Wednesday, February 11, 2009

Hurry Up and Wait graduates

A recent article I read in the London Student 'Can't get a Job? Become an Intern!', comments on the UK government getting involved in developing a solution for the 400,000 graduates it claims will have a hard time finding work in this recession. If these interns work for companies that can stimulate the economy there maybe some optimism in finding an internship and it will lower the unemployment rate. There is some competition now for developing internships. In the past month, Popabroad contacted a number of international coordinators in charge of the student internship programs at Universities in the US and received feedback that students attempt to find international internships on their own. "Our students are very Savvy in finding internships abroad," stated Traci Buss, who is the academic coordinator at the University of Wisconsin-Milwaukee. Buss also commented that many students are working their way through degree programs and that she tends not to guide her students towards fee based programs. In our conversation, I presented UWM with an international work program that Popabroad is designing which is fee based.  In response to student costs,  I explained that the costs covered housing, meals, some travel, and a project management certification from a business school in central London. Costs maybe relative to conditions but students need to look for programs that will provide a learning experience as well as boost their employability. I have a feeling that the government sponsored internships will fill up fast.
Popabroad-Hatch is developing an incentive package that will also give funds back to the post- program participants but it will be through entrepreneurship and a lot of hard work.

London Student Volume 29, Issue 7.19th January 2009

Tuesday, February 10, 2009

A 20 hour work week for International Students

There are part-time jobs for international students in London. I was taking photographs on Great Portland Street for the Linkthings360 site and found the International Students House just across the street which posts vacancies on their website.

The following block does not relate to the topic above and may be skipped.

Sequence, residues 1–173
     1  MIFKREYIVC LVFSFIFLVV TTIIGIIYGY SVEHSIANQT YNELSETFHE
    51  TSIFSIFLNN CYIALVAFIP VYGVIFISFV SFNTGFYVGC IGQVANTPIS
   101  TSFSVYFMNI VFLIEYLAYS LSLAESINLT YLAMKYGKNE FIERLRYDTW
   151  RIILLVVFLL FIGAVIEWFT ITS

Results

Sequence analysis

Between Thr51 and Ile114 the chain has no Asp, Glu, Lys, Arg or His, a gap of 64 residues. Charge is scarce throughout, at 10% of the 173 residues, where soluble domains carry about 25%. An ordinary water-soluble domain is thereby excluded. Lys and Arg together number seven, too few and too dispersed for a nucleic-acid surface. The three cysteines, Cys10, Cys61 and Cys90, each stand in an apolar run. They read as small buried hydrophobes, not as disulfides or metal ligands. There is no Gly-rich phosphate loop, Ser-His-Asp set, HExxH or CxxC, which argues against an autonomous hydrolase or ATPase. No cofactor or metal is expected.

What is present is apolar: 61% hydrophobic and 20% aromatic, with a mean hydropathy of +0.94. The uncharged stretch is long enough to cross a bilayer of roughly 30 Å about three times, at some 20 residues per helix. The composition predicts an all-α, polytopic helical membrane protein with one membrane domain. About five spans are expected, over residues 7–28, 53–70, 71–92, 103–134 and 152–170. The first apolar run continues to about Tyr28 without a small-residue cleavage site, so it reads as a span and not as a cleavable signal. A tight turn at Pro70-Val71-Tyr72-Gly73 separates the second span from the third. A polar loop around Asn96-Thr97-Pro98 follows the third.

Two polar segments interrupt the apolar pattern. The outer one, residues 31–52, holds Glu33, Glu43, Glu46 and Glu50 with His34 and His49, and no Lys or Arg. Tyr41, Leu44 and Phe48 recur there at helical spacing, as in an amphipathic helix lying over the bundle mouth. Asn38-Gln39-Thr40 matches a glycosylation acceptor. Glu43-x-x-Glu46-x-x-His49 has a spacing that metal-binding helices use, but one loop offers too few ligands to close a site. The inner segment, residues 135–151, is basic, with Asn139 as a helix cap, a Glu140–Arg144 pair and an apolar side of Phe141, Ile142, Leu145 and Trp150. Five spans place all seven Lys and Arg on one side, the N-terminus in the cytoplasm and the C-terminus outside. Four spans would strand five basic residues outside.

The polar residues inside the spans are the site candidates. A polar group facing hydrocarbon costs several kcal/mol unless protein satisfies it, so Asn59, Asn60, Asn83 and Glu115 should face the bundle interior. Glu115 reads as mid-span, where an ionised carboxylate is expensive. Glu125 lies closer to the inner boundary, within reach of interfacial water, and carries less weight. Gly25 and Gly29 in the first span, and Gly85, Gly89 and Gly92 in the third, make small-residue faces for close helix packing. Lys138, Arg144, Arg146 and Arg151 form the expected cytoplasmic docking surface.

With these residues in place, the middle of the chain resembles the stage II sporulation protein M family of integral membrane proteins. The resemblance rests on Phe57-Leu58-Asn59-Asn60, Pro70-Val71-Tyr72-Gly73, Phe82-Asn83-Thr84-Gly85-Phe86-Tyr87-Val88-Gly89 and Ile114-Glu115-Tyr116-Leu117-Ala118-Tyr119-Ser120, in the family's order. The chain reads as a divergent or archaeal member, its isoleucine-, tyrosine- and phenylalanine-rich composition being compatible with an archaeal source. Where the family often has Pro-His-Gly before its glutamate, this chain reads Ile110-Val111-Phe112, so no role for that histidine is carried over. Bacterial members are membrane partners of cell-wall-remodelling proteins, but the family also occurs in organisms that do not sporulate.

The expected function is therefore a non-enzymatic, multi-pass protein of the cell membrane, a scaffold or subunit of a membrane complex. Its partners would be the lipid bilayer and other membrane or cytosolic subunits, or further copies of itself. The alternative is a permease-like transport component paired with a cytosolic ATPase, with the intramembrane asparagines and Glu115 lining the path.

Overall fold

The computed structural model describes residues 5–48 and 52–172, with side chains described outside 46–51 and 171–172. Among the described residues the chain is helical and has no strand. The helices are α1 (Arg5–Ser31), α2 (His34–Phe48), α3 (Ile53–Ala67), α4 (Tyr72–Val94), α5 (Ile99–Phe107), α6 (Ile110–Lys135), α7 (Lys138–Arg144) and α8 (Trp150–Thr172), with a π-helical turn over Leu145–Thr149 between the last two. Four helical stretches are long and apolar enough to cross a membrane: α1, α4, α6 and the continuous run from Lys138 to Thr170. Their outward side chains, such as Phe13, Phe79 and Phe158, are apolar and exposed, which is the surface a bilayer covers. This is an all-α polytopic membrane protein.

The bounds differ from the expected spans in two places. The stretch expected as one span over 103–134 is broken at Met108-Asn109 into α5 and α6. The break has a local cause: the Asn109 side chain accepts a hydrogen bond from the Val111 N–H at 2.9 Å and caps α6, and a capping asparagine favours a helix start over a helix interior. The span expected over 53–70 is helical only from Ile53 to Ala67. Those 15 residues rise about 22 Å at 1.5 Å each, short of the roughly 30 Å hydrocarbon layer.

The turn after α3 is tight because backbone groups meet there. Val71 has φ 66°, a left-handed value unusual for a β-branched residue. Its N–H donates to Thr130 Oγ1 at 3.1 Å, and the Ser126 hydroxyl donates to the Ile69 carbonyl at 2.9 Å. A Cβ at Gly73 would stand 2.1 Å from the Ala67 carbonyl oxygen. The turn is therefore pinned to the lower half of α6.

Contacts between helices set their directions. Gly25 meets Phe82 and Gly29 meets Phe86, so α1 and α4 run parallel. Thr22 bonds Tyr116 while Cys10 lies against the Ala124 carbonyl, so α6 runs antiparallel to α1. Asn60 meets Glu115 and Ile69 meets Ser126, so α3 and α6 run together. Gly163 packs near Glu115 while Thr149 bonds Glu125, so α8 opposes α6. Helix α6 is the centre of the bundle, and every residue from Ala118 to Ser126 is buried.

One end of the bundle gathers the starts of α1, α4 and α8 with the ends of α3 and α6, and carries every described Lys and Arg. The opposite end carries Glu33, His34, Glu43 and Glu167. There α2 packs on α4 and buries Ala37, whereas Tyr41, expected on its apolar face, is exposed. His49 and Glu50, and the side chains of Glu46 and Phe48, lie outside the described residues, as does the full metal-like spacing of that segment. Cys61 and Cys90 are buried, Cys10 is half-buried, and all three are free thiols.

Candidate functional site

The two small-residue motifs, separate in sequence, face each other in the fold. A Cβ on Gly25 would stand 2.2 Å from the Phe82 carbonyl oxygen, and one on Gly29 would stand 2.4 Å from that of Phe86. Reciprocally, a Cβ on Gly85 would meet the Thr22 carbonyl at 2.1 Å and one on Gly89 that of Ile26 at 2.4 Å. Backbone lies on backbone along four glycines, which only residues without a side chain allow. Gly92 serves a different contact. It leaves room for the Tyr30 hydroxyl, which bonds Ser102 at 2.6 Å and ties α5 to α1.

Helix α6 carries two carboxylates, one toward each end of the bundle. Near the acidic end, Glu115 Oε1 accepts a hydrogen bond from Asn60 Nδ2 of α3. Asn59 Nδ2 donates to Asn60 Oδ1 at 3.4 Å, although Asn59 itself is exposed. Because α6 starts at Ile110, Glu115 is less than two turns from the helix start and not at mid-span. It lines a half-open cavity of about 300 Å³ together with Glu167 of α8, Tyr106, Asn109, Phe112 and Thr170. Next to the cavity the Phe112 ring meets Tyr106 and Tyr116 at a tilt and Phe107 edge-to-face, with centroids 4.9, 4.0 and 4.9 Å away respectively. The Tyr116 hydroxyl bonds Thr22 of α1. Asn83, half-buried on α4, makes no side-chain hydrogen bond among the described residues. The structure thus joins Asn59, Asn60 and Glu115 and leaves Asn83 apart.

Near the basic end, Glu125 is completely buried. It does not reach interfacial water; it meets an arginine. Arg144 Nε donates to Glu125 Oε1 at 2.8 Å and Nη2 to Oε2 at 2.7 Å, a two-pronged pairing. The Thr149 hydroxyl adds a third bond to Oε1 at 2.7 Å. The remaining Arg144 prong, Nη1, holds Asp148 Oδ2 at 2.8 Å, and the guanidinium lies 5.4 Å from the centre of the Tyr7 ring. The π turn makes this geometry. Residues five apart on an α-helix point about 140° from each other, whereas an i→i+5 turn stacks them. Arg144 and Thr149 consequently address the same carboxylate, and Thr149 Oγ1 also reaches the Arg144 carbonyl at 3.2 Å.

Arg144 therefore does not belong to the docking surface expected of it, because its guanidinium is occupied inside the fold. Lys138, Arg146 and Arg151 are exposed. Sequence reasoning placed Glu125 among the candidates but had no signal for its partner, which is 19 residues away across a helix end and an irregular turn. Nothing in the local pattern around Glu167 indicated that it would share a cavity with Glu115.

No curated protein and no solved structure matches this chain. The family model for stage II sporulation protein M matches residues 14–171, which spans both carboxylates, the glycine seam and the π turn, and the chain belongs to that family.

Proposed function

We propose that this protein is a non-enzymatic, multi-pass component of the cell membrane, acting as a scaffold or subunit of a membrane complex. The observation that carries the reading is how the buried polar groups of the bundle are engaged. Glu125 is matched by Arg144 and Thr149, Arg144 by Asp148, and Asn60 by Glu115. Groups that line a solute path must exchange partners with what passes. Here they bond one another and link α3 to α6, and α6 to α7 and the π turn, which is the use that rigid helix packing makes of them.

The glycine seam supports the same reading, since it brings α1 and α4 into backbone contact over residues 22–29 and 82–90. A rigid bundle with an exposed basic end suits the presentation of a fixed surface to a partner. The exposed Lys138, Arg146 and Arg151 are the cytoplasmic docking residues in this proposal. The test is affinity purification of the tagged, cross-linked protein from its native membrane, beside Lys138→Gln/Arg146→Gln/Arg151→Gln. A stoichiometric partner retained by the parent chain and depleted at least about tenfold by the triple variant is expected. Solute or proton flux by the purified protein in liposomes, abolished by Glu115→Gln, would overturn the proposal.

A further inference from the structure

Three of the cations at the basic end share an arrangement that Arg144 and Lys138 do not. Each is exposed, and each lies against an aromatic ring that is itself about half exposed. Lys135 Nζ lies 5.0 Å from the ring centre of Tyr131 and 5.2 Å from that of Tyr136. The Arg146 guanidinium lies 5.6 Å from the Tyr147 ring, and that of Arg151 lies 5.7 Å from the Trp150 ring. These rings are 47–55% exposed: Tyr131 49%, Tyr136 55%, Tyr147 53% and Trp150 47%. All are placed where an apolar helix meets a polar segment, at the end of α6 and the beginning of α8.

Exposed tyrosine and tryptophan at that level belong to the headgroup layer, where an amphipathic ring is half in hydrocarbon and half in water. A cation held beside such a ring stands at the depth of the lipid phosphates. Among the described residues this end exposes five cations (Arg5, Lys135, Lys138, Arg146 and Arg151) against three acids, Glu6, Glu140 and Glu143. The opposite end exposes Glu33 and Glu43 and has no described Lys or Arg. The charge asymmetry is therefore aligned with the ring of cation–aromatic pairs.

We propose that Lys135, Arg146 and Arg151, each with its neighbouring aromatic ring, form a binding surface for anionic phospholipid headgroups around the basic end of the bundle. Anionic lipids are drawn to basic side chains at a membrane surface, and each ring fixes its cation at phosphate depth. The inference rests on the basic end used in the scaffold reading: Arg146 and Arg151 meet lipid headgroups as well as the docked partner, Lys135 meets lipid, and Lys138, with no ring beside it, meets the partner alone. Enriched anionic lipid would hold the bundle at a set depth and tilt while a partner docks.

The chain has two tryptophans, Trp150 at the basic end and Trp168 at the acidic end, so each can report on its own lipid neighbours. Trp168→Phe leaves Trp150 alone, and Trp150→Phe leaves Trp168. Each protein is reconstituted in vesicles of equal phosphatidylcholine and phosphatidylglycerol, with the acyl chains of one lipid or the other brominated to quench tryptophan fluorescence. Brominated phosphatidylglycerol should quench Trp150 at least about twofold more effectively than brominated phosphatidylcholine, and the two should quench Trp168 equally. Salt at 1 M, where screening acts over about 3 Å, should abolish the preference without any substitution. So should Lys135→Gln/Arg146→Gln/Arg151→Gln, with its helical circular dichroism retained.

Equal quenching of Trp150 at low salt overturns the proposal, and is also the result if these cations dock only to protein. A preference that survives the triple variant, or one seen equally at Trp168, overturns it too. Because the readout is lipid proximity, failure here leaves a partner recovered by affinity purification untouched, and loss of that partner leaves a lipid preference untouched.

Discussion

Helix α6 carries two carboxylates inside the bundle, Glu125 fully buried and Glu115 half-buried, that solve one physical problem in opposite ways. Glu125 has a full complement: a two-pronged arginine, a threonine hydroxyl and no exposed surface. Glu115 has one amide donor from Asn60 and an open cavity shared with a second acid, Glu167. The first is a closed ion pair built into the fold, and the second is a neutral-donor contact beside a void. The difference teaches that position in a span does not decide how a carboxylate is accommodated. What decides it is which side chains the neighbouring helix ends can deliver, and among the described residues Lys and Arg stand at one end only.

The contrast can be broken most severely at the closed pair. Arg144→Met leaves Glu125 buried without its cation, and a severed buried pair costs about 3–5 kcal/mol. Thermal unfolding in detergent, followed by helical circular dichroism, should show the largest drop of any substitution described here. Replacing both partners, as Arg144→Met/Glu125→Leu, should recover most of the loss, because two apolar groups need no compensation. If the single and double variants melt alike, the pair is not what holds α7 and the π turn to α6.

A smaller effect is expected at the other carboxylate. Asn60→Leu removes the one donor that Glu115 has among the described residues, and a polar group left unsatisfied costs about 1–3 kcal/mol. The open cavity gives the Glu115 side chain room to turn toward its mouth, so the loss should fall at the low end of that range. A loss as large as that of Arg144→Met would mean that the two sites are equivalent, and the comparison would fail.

If you have an unconditional offer at any programs in the UK and would like to work part-time I suggest contacting the student development office. Universities like Brunel have a placement and careers center that can help international students with establishing an employer as well as counseling on current regulations. Roehampton has a program called ROAD that works with current students to make them more employable. 

Plenty of American Pie to go around

Almost one year ago there was an article written in the Guardian "Bye bye American Pie: students become the next victims of the credit crunch," and there is growing pessimism about the future of US abroad degree programs. The universities abroad that are listed under FAFSA may still see enrollment from US borrowing students but many schools attempting to attract students from America may have to offer more scholarships. Universities in London like Roehampton posts scholarship information that it offers US students 4 postgraduate scholarships. Undergraduate scholarships are promoted at other Universities across the UK. Glamorgan University offers undergraduate scholarships and any student who applies automatically has a chance at the funding. Students that take programs in the UK can work up to 20 hours a week on their student visas. This may off-set some of the fees and if the student stays during the summer they can work full-time.  So pie is not given away but American students need to plan further ahead for their experience abroad.

Friday, February 6, 2009

Education Commodities

With many jobs in jeopardy students are facing higher education cost and less opportunity. A recent article in the London Student, 'Universities to become 'handmaidens of industry' comments about a report published by the Department for Innovation (DIUS), that "many students lack the skills needed by employers".  The article goes on to comment that there needs to be a greater level of support for integrating university programs with industry. Do Universities have a responsibility to design programs for employment? Universities are businesses as well. The dilemma facing students is can I afford to enroll in a University when I know I have a slim chance of getting a job afterwards. The commodity of education from this perspective seems to be what it is worth today. 
Source: London Student
Volume 29, Issue 8-2nd February 2009